Jenner speaks out against transgender athlete inclusion in cis sports

Transgender inclusion is a new topic of discussion in multiple realms.

Alexandro Grosso

Transgender inclusion is a new topic of discussion in multiple realms.

On May 1, 2021, Caitlyn Jenner, former Olympian, television personality and transgender woman, told a TMZ reporter that having transgender girls participate in “cis girl’s sports” is a “question of fariness.” She opposes the idea, stating that it is a matter of needing to protect girls’ sports in schools. This statement followed her announcement to run for governor of California to replace governor Gavin Newsom.

Jenner has been criticized by transgender activists for years since she publicly came out as transgender, with her most recent comments drawing a great deal of backlash from the transgender community.

Most recently, Kai Shappley, a ten year old transgender girl, via her personal Twitter account called for Jenner to “stop hurting” trans kids.

As a cis woman, who does not have the experiences of a transgender person, nor do I have any idea what it truly means to live as a transgender person, while acknowledging my own privilege, take the side of those transgender activists who disagree with Jenner: transgender girls participating in cis girls’ sports is not a threat to athletics nor do they pose any genetic advantage that should disallow them from participating.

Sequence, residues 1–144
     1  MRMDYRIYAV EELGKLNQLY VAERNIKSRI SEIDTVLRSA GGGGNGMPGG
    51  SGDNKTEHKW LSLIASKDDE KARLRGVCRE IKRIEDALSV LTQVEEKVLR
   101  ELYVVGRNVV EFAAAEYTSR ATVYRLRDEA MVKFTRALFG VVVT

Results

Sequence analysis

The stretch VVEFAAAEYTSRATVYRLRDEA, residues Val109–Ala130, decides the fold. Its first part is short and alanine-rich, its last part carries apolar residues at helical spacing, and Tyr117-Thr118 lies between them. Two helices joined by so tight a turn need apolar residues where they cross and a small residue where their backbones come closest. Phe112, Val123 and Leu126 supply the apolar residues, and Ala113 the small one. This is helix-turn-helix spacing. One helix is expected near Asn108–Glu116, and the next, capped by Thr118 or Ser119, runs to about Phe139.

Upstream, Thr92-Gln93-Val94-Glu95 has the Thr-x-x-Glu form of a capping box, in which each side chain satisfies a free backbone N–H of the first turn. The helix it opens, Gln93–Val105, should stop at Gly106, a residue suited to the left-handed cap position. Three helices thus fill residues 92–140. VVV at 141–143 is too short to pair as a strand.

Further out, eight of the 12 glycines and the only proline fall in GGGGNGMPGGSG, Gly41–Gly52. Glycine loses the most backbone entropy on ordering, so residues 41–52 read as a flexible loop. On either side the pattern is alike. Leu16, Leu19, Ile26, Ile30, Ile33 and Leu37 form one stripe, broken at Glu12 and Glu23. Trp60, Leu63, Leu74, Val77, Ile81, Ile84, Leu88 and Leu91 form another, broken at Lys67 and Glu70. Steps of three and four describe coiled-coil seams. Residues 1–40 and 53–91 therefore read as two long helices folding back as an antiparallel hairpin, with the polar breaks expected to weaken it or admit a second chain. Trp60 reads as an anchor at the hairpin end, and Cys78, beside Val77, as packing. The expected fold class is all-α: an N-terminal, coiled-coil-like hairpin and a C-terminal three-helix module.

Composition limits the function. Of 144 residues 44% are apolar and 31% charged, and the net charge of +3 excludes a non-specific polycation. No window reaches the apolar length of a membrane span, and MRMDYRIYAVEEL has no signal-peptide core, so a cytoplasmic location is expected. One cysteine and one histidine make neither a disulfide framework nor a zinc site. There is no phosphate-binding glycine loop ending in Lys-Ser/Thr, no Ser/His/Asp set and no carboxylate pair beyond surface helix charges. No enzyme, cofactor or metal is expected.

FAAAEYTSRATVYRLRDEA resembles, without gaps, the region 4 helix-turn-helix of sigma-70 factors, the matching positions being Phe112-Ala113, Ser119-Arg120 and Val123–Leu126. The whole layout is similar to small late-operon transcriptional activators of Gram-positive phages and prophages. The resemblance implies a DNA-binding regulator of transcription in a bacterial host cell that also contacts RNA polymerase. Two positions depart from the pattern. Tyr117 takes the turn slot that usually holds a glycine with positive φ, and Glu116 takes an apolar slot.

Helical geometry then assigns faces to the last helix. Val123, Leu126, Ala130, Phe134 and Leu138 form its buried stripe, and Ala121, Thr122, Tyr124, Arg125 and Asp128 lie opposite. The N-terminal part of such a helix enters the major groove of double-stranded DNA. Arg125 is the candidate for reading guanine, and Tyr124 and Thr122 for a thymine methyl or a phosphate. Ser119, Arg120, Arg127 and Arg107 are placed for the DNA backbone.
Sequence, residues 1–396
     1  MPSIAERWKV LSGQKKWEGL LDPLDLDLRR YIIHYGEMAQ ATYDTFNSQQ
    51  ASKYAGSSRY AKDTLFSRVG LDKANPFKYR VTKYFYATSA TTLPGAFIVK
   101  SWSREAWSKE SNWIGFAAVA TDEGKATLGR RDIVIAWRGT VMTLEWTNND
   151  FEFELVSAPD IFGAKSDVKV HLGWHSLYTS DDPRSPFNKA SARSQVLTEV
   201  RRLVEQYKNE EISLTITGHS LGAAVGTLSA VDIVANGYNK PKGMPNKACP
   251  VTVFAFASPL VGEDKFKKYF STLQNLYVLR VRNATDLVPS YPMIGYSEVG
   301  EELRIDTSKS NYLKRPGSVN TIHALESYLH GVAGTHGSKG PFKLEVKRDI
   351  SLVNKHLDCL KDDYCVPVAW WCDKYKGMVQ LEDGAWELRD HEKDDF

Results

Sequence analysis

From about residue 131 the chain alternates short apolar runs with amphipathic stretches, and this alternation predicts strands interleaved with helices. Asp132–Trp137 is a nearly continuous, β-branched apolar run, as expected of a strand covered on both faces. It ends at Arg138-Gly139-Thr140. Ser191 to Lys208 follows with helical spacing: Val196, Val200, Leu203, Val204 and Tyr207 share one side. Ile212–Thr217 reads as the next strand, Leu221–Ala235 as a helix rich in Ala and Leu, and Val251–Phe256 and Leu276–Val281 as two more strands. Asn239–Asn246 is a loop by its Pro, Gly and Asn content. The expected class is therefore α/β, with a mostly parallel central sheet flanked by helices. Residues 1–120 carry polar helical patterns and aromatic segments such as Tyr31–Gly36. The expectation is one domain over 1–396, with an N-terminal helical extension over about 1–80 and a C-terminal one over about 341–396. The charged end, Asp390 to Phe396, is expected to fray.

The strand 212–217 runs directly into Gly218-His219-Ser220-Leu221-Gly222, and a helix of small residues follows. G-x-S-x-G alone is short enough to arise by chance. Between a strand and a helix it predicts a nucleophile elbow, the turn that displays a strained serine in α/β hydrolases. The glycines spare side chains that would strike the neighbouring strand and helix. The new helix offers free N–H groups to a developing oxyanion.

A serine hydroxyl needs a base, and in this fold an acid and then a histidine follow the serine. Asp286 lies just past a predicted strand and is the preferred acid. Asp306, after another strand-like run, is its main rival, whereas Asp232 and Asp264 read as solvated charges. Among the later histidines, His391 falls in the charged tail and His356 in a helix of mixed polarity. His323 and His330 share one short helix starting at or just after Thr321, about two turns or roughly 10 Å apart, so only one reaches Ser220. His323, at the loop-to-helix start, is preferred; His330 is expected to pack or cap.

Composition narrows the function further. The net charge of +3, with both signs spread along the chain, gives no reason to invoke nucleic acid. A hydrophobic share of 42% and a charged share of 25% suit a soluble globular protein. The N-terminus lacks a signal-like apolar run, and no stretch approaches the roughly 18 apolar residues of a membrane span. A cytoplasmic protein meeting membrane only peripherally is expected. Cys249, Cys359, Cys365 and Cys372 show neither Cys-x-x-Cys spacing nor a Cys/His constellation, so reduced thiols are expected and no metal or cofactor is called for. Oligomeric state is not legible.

According to the Human Rights campaign, an LGBTQ advocacy association, over 30 state legislatures have proposed over 100 bills that are aimed to limit the rights of transgender people. And while recent polls have indicated that a majority of Americans are more supportive of transgender rights as opposed to five years ago, the fact still remains that only 47% of Republicans, and 40% of conservative republicans, do not support transgender rights. This is extremely dangerous, considering that 60% of United States legislatures are republican-controlled, (30 out of the 50 states), with two states having split legislative control.

The real issue is the argument that transgender girls are being told by people of power that they shouldn’t have the right to participate in sports with the people who match their gender identity. This implies, and stems from the argument that, transgender girls are not “real” girls. As such, it is important to dismantle this notion before the idea of transgender sports participation can even be addressed.